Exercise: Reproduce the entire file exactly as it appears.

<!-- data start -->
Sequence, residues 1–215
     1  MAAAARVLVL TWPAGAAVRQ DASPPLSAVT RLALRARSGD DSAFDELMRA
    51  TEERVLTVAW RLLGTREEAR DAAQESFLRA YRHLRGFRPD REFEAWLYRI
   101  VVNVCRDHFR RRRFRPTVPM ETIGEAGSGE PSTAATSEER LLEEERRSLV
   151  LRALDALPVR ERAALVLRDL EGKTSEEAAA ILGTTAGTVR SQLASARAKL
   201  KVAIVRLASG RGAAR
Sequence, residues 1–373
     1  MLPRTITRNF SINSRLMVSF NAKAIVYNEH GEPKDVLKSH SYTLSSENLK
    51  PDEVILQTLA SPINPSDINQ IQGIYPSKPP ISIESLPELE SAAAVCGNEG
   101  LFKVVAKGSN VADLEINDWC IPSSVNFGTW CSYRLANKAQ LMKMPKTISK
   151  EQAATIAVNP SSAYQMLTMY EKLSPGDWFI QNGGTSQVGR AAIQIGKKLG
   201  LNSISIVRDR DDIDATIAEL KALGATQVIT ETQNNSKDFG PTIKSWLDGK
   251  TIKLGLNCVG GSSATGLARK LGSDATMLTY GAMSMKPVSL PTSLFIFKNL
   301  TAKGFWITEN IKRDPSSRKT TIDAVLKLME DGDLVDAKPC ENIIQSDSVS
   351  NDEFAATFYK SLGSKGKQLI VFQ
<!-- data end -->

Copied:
Sequence, residues 1–215
     1  MAAAARVLVL TWPAGAAVRQ DASPPLSAVT RLALRARSGD DSAFDELMRA
    51  TEERVLTVAW RLLGTREEAR DAAQESFLRA YRHLRGFRPD REFEAWLYRI
   101  VVNVCRDHFR RRRFRPTVPM ETIGEAGSGE PSTAATSEER LLEEERRSLV
   151  LRALDALPVR ERAALVLRDL EGKTSEEAAA ILGTTAGTVR SQLASARAKL
   201  KVAIVRLASG RGAAR
Sequence, residues 1–373
     1  MLPRTITRNF SINSRLMVSF NAKAIVYNEH GEPKDVLKSH SYTLSSENLK
    51  PDEVILQTLA SPINPSDINQ IQGIYPSKPP ISIESLPELE SAAAVCGNEG
   101  LFKVVAKGSN VADLEINDWC IPSSVNFGTW CSYRLANKAQ LMKMPKTISK
   151  EQAATIAVNP SSAYQMLTMY EKLSPGDWFI QNGGTSQVGR AAIQIGKKLG
   201  LNSISIVRDR DDIDATIAEL KALGATQVIT ETQNNSKDFG PTIKSWLDGK
   251  TIKLGLNCVG GSSATGLARK LGSDATMLTY GAMSMKPVSL PTSLFIFKNL
   301  TAKGFWITEN IKRDPSSRKT TIDAVLKLME DGDLVDAKPC ENIIQSDSVS
   351  NDEFAATFYK SLGSKGKQLI VFQ